Windfall taxes, Sir John Major and profiteering

Oh why oh why oh why is Sir John Major suggesting a windfall tax on the energy companies? It’s the sort of thing one expects from lefties with a grudge against anyone with something they don’t have and would really rather like to have for themselves. Or, more pithily: if I can’t have it then I don’t see why they should – the running-dog capitalist scum.

This all starts from the view that energy utilities are operating a cartel (not entirely inaccurate) and are profiteering from their anti-competitive control of the market. Rather than all this profit going into the pockets of executives or shareholders, it should go to the benign state. Why? Do we suppose the money will find its way back into our pockets? Not likely, considering our debt stands at over £1 trillion. The debt interest alone is more of a burden on our wallets than anything the utility companies could throw at us.

Profiteering is quite different from profit. Any company – all companies, in fact – have to make a profit. If they do not, they are not a viable business. Continue to operate without profit, then your company (unless you have another source of revenue with which to offset losses, an example being the Guardian) will eventually default, go bankrupt, make people unemployed and stop paying tax to fund all those nice baubles to which we are now attached as stubbornly as any limpet.

So what is an acceptable level of profit: 0.0001%, 1% or 5-10%? And what constitutes profiteering? I’m not entirely sure; and it seems to me that the answer can only really be a subjective one. Bloomberg reports, for instance, that ‘Ofgem shows that energy companies’ net profit on each bill has risen from 5 percent in May 2010, when David Cameron’s coalition government took power, to 6.7 percent in May 2013.’ And the BBC reports that ‘SSE, formerly Scottish and Southern Energy, said it expected its annual profit margin to average about 5% over a three-to-five-year period, which it believed was “a fair amount”.’

We can argue over whether that’s profiteering or simply the profit necessary to ensure continued investment, but if we have a problem with it then we should have a problem with lots of other big companies. Tesco, for example, reported a profit margin of 6.5% in 2012. I’m not an analyst, so I’m not going to trawl the data and tell you that one figure is directly relatable to another, but that doesn’t seem too bad to me. It wasn’t so long ago we expected to receive about 5% in interest from our savings accounts. Those days are gone, for now, but were we profiteering to expect that sort of return?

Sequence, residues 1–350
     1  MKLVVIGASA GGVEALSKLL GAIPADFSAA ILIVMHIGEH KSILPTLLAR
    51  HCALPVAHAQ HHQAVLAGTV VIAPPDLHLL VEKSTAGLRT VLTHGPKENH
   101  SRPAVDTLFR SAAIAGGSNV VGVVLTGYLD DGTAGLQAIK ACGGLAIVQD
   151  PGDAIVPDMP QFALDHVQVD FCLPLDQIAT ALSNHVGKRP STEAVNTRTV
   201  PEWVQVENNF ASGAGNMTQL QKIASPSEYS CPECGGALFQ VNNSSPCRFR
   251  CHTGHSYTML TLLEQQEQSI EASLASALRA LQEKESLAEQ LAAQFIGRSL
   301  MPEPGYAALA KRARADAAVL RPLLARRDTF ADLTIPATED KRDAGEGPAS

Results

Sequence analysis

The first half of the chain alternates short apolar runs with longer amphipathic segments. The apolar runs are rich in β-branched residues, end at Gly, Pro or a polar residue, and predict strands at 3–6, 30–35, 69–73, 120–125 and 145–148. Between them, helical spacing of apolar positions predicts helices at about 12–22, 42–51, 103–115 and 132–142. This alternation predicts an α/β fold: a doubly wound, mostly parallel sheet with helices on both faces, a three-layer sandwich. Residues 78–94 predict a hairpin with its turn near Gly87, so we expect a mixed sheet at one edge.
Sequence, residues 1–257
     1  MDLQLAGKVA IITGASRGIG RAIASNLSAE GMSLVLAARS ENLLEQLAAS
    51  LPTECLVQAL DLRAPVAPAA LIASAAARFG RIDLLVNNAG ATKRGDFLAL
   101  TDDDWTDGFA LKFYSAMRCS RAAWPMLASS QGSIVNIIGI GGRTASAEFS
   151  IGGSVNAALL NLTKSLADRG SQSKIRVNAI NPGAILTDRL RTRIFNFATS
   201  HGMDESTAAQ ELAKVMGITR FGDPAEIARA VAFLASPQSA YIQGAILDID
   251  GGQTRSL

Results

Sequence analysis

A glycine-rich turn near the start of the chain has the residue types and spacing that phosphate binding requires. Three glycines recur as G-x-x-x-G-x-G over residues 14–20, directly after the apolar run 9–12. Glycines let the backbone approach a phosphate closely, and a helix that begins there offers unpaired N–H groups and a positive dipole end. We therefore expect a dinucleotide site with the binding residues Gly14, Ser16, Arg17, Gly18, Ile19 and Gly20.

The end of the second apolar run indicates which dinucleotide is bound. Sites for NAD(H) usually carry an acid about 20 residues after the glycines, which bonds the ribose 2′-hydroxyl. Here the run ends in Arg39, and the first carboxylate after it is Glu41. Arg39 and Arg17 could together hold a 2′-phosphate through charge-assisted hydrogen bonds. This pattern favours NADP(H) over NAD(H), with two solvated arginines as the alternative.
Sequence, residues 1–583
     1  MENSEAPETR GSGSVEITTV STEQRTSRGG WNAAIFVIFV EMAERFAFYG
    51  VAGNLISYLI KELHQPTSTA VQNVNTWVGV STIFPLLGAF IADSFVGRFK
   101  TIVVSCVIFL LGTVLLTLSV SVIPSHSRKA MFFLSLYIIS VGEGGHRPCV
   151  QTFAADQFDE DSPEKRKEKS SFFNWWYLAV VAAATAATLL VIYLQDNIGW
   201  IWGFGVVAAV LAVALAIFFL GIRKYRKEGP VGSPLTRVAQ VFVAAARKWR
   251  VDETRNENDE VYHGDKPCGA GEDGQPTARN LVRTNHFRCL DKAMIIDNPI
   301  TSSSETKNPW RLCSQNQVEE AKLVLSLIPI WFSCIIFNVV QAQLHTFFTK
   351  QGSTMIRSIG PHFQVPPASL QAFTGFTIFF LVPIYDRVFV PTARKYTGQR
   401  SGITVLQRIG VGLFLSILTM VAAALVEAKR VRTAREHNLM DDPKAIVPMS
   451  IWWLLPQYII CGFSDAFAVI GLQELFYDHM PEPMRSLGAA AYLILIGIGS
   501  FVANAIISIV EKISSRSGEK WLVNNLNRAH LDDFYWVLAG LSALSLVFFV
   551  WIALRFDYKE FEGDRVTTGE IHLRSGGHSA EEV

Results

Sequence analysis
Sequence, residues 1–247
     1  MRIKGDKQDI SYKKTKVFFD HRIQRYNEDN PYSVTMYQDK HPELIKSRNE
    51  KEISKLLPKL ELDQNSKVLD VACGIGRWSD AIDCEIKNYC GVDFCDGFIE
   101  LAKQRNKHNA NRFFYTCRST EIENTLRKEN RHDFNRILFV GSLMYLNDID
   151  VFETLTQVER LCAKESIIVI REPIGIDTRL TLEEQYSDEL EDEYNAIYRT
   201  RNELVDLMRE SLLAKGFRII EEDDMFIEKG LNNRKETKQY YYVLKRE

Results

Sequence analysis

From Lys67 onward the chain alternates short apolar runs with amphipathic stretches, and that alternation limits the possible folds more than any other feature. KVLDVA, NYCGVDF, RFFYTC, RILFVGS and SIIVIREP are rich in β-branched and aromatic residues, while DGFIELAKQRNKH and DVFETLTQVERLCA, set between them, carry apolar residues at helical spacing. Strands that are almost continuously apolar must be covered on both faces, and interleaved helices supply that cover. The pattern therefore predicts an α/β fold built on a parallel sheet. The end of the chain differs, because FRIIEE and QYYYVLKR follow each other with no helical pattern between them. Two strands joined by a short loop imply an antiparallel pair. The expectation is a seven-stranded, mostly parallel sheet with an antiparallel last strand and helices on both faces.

But what is probably most odd (and deceptive) about this is the word itself: ‘windfall.’ It implies something of benign providence; a reward; something fallen out of the wind, to be precise, as if it is of no more consequence than picking up a leaf blown to your feet by a warm and pleasant gust of wind. It’s a bit like adding the word ‘Mansion’ to tax. It’s designed to make us accept it for wholly false reasons. Rich Toffs don’t deserve mansions, so why not tax them until they fully comprehend the crime they have committed by simply owning a nice large expensive house. It’s not really their money anyway; it’s the people’s money.

Still, if it’s a choice between a ‘windfall’ tax (which seems, I have to say, not unlike an opportunistic looting) and a price freeze, the tax is probably better. We already tax utilities more than other companies (apart from fuel, perhaps). The green and social levies, for instance, add to our bills. Perhaps we could lower utility bills by taking these levies off the bills and paying them through general taxation, which is a vastly more progressive way of raising the money.

My preferred option would be to encourage competition, explore other methods of supply (including green, nuclear and fracking) and reduce taxes to a minimum. After all, by far and away the most significant factor in the level of our utility bills is the global wholesale price. But I suppose we still haven’t quite noticed that the rest of the world has caught us up and is powering ahead, quite literally, to leave us now playing catch-up when it comes to quite a few things economic. Why would we add to those costs? It doesn’t make sense.

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